Cognitive and Psychiatric Effects of Linaclotide on Patients With Irritable Bowel Syndrome-Constipation Predominant and Chronic Idiopathic Constipation

Cognitive and Psychiatric Effects of Linaclotide on Patients With Constipation



Sponsors

Lead Sponsor



Source

McMaster University

Oversight Info

Has Dmc

No


Brief Summary

Irritable Bowel syndrome - constipation predominant (IBS-C) is a chronic and
disabling,disorder of the gut that is characterized by abdominal pain or discomfort.
Approximately 50% of patients with IBS-C will also meet criteria for anxiety or depression.

Anti depressant medication is widely used in the treatment of IBS. Linaclotide is a novel
medication for IBS that is also effective at relieving pain associated with IBS, which may be
in part to signalling between the gut and the brain. However, the impact of Linaclotide on
the psychiatric symptoms of anxiety and depression on IBS has not been investigated.

Detailed Description

Irritable bowel syndrome (IBS) is a chronic, disabling functional gastrointestinal disorder
that is characterized by abdominal pain or discomfort and a disturbance in bowel habit. It
has long been recognized that psychological factors can be important in IBS, and that
bi-directional signaling between the gut and the brain is likely involved in the
pathophysiology of the syndrome. Approximately 50% of patients with IBS at a tertiary center
will also meet criteria for anxiety or depression. Anti-depressant medications are widely
used in the treatment of IBS, even without psychiatric comorbidity, with good evidence for
both tricyclic antidepressants and selective serotonin reuptake inhibitors. Unfortunately
both classes of anti-depressants have significant gastrointestinal side effects and a large
number of patients cannot tolerate the medications.

Linaclotide, a guanylate cyclase agonist, has emerged as an important, novel treatment for
patients with constipation-predominant IBS (IBS-C) and Chronic Idiopathic Constipation (CIC).
Linaclotide is effective at relieving pain associated with IBS, which may be in part mediated
by modulation of signaling between the gut and the brain. In this study the investigators
will study the effect of Linaclotide on anxiety, depression and cognitive functioning in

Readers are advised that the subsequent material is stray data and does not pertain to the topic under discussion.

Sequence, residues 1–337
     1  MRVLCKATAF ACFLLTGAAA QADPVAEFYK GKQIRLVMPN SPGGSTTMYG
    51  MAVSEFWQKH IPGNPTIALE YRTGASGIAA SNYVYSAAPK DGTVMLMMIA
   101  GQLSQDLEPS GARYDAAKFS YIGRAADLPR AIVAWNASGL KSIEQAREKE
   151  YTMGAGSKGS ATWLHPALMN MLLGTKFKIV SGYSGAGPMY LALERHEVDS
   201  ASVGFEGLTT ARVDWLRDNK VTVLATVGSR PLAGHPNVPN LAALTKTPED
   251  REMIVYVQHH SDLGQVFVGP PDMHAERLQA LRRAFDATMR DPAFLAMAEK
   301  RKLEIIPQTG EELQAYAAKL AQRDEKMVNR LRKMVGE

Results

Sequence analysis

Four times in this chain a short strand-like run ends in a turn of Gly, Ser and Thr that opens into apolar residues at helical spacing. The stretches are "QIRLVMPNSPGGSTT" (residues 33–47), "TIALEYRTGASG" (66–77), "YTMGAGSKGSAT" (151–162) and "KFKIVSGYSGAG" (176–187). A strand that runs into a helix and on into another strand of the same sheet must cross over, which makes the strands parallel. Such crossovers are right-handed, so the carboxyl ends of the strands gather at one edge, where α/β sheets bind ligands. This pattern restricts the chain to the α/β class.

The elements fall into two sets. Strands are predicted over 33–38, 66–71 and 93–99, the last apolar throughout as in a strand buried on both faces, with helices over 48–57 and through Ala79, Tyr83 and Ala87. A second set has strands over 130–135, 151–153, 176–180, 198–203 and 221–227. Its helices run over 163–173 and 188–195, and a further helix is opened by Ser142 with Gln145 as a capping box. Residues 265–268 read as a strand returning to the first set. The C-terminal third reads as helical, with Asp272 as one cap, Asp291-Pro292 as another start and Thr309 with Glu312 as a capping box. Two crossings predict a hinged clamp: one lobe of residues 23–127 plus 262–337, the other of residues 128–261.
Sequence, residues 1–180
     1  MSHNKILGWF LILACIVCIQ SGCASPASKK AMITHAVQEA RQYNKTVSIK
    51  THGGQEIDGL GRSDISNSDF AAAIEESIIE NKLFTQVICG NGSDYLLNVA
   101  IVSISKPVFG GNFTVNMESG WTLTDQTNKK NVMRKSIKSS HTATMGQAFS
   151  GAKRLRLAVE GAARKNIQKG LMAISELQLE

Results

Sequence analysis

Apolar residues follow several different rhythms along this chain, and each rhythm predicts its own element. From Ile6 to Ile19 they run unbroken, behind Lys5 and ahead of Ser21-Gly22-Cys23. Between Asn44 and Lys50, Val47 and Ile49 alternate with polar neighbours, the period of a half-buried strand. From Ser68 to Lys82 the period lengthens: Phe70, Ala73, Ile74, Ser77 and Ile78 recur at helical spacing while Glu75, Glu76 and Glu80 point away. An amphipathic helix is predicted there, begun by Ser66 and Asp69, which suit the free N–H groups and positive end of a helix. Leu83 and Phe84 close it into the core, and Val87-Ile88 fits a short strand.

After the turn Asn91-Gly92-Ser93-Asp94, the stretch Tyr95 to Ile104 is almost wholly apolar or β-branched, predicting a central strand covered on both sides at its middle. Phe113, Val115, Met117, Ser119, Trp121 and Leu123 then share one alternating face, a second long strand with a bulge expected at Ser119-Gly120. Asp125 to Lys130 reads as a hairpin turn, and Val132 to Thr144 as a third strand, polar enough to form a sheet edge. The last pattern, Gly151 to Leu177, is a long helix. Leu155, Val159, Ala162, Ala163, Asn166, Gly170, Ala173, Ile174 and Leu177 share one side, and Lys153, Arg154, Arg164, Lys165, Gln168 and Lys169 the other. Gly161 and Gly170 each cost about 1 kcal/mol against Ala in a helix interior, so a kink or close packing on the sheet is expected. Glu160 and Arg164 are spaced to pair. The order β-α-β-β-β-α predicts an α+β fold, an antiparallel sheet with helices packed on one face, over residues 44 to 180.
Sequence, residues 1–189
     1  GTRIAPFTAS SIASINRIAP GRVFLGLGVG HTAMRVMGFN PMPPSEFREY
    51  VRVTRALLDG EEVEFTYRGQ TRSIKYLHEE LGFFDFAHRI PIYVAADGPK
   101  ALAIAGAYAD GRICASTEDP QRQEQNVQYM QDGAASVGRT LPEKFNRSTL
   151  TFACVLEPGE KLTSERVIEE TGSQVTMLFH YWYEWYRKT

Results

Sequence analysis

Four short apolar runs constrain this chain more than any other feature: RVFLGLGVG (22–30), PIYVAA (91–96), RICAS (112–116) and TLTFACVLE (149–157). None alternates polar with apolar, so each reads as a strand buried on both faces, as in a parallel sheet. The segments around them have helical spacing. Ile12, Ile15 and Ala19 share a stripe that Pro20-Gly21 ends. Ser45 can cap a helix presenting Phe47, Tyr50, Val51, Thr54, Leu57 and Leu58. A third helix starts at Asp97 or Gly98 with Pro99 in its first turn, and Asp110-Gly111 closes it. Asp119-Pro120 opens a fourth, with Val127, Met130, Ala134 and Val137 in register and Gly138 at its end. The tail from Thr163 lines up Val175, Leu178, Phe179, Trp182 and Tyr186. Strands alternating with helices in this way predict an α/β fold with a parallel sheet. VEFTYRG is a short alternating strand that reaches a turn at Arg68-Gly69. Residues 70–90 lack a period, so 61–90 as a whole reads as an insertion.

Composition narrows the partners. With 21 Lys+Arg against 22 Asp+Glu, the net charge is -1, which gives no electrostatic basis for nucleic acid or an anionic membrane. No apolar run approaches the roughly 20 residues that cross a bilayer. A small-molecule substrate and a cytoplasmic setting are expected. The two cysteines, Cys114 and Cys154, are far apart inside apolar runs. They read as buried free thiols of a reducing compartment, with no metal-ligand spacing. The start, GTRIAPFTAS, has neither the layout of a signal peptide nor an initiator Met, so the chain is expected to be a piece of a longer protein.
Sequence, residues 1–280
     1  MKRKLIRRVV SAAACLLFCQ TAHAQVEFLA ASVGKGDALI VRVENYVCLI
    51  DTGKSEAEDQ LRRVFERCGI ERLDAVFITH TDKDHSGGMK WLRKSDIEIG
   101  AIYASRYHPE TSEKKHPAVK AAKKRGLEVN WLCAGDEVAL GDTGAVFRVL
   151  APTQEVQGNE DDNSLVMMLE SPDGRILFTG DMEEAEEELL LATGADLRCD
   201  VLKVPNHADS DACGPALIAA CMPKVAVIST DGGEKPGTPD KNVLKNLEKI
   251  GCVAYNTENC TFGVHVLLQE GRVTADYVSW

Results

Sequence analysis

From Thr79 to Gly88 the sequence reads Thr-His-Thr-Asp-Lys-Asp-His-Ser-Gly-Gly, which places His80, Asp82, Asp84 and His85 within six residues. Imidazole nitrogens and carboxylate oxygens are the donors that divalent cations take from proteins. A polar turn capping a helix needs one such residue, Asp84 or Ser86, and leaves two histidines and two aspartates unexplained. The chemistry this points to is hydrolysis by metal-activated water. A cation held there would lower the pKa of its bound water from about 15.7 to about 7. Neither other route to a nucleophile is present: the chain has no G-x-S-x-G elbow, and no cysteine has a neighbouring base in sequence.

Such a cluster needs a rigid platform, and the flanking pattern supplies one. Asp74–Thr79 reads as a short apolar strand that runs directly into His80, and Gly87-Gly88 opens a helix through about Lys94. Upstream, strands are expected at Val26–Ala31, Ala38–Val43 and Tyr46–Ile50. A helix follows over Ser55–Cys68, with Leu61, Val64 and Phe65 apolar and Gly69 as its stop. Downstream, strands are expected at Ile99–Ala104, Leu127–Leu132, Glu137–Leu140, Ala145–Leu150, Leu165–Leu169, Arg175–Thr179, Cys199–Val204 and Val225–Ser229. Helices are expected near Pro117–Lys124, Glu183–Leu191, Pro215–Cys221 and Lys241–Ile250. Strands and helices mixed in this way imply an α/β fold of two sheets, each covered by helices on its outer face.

patients with IBS-C and CIC. If Linaclotide is also effective in treating anxiety and
depression and improving cognitive functioning in patients with IBS-C and CIC, this will be
an important therapeutic advance for the 50% of IBS patients with psychiatric comorbidity.

The investigators also propose to investigate the mechanisms by which Linaclotide may effect
psychiatric symptoms and neuropsychological functioning by measuring changes in the gut
microbiome and inflammatory biomarkers. The gut and the brain are intimately connected by
several, bidirectional, signaling pathways including neural, humoral and immune mechanisms.
The concept of the "gut-brain axis" has recently been supplanted by the "microbiota-gut-brain
axis," emphasizing the important role the gut microbiota plays in mediating brain responses.
The gut microbiota communicate with the brain through immune and neuronal pathways and some
microbiota can directly secrete neurotransmitters such as serotonin, dopamine and
gamma-aminobutyric acid (GABA) . In true bidirectional fashion, the brain can also influence
the microbiota through the secretion of cortisol and sympathetic neurotransmission, changing
gut motility, secretion and mucin production, which can affect the habitat of the resident
microbiota and thereby alter the composition of the microbiota. Alterations in gut microbiota
have been associated with irritable bowel syndrome in multiple studies.

Given the importance of the gut microbiota in mediating gut-brain responses, the
investigators propose that the gut microbiota may play a direct role in the pathophysiology
of anxiety and depression in patients with IBS. If Linaclotide is effective in reducing
psychiatric and neuropsychological symptoms in patients with IBS, this may occur through
changes in the gut microbiota, perhaps as a result of altered colonic motility and altered
habitat of resident microbiota.

Overall Status

Recruiting

Start Date

2016-03-01

Completion Date

2018-12-01

Primary Completion Date

2018-12-01

Phase

N/A

Study Type

Observational

Primary Outcome

Measure

Time Frame

To measure anxiety and depression using the Depression, Anxiety and Stress Scale (DASS) in patients with IBS-C and CIC before and after treatment with Linaclotide